Due to their in-between, misfit nature, grotesque images have a subversive power that threatens to overturn social conventions. Their strange, and often humorous, forms present opportunities for typically hidden or taboo subjects to surface. Contemporary artists turn to grotesque themes to address issues related to inequity by creating parallel worlds with alternative power structures. Some artists in this exhibition employ their subject matter to explore negative emotions they may not otherwise feel comfortable expressing; others seek simply to shock, or to challenge commonly held notions about sex, gender, mental health or the body. The works on display in Gross Anatomies depict bodies behaving outside accepted conventions of etiquette and science in ways that both disgust and delight, while never failing to provoke thought and discussion.

Gross Anatomies is organized by the Akron Art Museum and supported by funding from the Ohio Arts Council.



Diane Arbus, A Family on their lawn one Sunday in Westchester in June 1968, 1968 (printed 1973), gelatin silver print, 14 5/8 x 14 7/8 in. Collection of the Akron Art Museum. Museum Acquisition Fund


Fred and Laura Ruth Bidwell Gallery

Through August 13, 2017

Family is a fundamental social construct in every culture. In addition to parents and children and others related by blood or by law, partners, friends, neighbors, church members and colleagues may assume the role of family in instilling values, offering protection and establishing and maintaining cherished traditions. Family offers a source of stability, yet births and marriages, dissolutions of relationships, aging and death recurrently alter its structure and dynamics. Many of these events are accompanied by formal rites of passage. Other, more subtle changes in family relationships occur from day to day and may only be recognized over the course of time.

These varied relationships are a rich resource for artists, as reflected in photographs dating from 1940 to the present that record the estranged as well as fond exchanges that characterize families. Images by 18 artists, including Diane Arbus, Mike Disfarmer, TR Ericsson, Danny Lyon, Mary Ellen Mark and Carrie Mae Weems, offer insights into the intimate, spontaneous, prescribed and strained interactions that distinguish the families we inherit, create and adopt. Works on view were selected with an expansive definition of family and to stimulate conversations about the intentions of the artists and the individual perspectives each visitor brings to the exhibition.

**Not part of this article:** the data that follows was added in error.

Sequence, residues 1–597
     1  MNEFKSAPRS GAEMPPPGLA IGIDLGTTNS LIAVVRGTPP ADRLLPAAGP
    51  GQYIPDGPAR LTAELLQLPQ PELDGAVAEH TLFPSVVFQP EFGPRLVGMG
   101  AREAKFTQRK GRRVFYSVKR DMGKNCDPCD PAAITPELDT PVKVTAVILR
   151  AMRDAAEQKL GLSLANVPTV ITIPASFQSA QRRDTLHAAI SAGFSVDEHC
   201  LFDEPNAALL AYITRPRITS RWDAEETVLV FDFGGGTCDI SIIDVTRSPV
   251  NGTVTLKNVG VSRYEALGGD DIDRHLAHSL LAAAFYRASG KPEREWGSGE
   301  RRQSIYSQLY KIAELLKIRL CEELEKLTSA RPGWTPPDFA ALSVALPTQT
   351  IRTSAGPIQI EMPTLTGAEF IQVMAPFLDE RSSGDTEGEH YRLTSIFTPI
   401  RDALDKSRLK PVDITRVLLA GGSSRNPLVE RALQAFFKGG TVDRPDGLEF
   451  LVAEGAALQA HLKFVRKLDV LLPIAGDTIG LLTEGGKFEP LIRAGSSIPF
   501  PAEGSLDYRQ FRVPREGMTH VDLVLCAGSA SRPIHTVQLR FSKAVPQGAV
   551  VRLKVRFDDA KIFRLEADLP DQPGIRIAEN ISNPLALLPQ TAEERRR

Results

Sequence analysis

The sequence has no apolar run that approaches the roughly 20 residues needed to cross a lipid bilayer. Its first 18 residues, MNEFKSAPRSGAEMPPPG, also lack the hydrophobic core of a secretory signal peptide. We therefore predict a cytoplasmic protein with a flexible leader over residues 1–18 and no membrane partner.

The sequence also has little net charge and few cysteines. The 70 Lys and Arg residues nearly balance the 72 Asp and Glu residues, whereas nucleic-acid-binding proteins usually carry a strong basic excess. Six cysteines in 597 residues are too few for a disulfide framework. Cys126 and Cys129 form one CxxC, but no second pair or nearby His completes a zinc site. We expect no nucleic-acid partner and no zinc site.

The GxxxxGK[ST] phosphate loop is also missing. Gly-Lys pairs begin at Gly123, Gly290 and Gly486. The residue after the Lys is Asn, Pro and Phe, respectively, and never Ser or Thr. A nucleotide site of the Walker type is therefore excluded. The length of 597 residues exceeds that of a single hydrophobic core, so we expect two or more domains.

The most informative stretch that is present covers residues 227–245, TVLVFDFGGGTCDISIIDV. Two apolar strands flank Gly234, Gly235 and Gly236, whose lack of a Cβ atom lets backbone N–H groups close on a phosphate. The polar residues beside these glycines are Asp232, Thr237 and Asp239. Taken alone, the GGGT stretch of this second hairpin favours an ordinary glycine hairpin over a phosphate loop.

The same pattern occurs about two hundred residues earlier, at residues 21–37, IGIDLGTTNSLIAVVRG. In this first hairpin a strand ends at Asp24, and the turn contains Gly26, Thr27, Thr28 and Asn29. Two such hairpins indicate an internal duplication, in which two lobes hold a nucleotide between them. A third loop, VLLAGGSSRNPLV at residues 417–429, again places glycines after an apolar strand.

Family is organized by the Akron Art Museum and supported by funding from the Ohio Arts Council.



Please Touch

The Mary S. and David C. Corbin Foundation Gallery

March 2 – July 16, 2017

The exhibition Please Touch shakes off all of the traditional hands-off museum goer behavior and asks visitors to use their sense of touch to experience the artwork. For Please Touch, the Akron Art Museum commissioned regional artists Jay Croft, Jordan Elise and Christopher Lees, and Erin Guido and John Paul Costello to create new works that engage audiences of all ages in new and unique ways. Inspired by childhood games, puzzles and lift-the-flap books, each artist has created a touchable work that visitors can manipulate as they make meaning of it in their own way.

Please Touch is organized by the Akron Art Museum and supported by a generous gift from The Mary S. and David C. Corbin Foundation.


Exhibitions on view (For the Blue Box in Member Content)

Turn The Page: The First Ten Years of Hi-Fructose | Through May 7, 2017

Karl and Bertl Arnstein and Judith Bear Isroff Galleries


Gross Anatomies | Through July 30, 2017

Fred and Laura Ruth Bidwell Gallery


Please Touch | March 2 – July 16, 2017

The Mary S. and David C. Corbin Foundation Gallery


Serial Intent | June 3 – September 10, 2017

Karl and Bertl Arnstein Galleries


Akron Art Museum

One South High Street

Akron, Ohio 44308